1921
Volume 69, Issue 4
  • ISSN: 0002-9637
  • E-ISSN: 1476-1645

Abstract

Despite the wealth of information on the prevalence and correlates of canine infection (CLI), data on its incidence are still sparse, and little is known regarding risk factors for CLI. We studied a cohort of dogs in an urban area in Brazil to determine whether incidence varied with age, breed, and environmental characteristics. The mean follow-up was 1.5 years, and the crude incidence rate was 11.8 cases/100 dog-years (95% confidence interval [CI] = 8.6–15.6). In the multivariate analysis, short fur was the strongest predictor of CLI (relative risk [RR] = 9.4). In addition, our data indicate that raising pigs (RR = 4.1), chickens (RR = 3.3), or other livestock (RR = 2.6) significantly increased the risk of CLI. Thus, suggesting control measures directed towards modifying the environmental factors favoring contact between vectors, reservoirs, and susceptible humans, such as proximity to pigpens or hen houses. Furthermore, conventional control programs of insecticidal spraying of human dwellings should also apply insecticide in and around animal sheds.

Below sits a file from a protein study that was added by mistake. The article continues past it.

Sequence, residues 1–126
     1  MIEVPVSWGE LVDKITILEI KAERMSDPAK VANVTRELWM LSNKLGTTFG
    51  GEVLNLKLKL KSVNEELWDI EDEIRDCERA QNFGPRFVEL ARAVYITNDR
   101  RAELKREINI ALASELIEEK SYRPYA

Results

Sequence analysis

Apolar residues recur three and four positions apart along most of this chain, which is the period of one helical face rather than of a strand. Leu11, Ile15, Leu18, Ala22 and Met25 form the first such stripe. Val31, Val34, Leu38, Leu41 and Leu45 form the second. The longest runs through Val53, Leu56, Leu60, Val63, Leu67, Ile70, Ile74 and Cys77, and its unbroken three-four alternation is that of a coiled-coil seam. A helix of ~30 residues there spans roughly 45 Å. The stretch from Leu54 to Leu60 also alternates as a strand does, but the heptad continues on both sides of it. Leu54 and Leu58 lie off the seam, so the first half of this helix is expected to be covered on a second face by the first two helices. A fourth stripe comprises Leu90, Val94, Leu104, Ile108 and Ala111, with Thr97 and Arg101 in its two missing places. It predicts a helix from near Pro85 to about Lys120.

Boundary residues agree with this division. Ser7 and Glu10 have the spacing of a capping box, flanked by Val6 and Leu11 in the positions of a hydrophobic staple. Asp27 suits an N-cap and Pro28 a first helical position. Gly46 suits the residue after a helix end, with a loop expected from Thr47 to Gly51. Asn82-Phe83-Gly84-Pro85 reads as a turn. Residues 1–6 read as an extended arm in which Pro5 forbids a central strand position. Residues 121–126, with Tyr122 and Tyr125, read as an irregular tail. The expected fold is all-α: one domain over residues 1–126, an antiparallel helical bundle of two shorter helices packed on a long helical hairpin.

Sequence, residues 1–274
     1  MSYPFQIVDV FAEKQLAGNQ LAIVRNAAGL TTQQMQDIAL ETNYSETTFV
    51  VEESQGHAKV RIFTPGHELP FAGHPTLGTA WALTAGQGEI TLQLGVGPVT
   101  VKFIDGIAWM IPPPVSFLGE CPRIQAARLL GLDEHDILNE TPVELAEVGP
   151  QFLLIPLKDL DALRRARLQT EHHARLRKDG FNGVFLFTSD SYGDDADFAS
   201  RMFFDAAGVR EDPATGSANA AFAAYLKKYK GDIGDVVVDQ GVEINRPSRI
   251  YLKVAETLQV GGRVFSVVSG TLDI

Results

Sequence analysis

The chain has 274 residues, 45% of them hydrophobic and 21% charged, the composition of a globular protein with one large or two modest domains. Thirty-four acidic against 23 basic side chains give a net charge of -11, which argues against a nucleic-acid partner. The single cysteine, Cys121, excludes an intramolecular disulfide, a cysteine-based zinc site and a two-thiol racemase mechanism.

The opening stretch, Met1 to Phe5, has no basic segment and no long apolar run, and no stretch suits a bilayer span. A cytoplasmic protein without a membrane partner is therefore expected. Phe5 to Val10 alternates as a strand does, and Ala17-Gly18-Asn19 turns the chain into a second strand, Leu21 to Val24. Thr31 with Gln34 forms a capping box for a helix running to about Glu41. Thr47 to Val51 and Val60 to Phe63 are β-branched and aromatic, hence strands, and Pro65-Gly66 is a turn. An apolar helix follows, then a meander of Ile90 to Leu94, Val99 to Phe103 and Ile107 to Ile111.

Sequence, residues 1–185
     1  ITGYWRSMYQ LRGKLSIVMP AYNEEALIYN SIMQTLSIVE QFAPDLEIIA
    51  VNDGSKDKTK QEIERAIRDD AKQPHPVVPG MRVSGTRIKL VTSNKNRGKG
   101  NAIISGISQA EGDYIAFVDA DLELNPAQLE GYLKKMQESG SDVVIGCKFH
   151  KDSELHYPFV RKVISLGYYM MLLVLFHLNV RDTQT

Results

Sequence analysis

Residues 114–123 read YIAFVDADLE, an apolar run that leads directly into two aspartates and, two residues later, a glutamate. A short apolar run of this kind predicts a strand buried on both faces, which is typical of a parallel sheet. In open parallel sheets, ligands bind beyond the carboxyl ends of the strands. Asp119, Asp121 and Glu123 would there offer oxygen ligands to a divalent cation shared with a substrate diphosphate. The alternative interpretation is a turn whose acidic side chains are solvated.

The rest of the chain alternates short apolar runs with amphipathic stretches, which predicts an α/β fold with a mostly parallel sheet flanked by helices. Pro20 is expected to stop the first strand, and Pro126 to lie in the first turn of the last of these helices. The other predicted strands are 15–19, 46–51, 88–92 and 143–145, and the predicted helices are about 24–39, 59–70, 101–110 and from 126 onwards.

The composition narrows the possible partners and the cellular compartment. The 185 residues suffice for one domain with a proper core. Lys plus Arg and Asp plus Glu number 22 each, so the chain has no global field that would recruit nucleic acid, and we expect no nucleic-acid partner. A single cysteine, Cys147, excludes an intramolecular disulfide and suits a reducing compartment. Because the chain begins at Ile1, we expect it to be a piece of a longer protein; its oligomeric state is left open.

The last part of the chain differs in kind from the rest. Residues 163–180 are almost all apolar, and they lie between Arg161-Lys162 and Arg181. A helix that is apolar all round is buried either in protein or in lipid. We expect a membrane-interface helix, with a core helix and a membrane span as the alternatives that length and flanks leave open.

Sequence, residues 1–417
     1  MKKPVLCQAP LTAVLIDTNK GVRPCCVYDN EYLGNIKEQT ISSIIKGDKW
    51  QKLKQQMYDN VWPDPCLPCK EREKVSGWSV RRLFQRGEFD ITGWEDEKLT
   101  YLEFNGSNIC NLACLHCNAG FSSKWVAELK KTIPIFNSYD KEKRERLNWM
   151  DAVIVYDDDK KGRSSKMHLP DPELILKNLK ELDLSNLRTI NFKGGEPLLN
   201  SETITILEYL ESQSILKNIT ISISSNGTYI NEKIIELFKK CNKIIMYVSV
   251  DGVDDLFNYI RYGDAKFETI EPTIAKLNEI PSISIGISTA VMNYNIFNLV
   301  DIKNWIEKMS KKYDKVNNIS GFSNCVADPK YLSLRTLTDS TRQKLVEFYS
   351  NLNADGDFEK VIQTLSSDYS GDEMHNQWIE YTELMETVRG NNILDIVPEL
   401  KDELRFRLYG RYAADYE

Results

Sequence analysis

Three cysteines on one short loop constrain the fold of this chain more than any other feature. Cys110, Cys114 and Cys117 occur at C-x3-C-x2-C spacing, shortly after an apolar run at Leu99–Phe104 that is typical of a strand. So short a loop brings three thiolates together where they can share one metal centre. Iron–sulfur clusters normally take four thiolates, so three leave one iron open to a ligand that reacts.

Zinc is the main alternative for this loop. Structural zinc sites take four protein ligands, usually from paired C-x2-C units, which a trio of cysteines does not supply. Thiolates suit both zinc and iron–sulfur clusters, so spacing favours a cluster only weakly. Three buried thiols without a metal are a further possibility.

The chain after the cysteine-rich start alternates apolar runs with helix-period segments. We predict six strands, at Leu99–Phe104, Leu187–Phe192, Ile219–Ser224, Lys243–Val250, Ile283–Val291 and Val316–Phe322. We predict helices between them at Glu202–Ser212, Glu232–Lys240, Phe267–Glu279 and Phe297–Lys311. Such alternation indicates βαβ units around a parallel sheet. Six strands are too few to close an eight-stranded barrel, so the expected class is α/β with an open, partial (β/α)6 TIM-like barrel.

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2003-10-01
2017-09-24
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  • Received : 02 Jul 2003
  • Accepted : 07 Aug 2003

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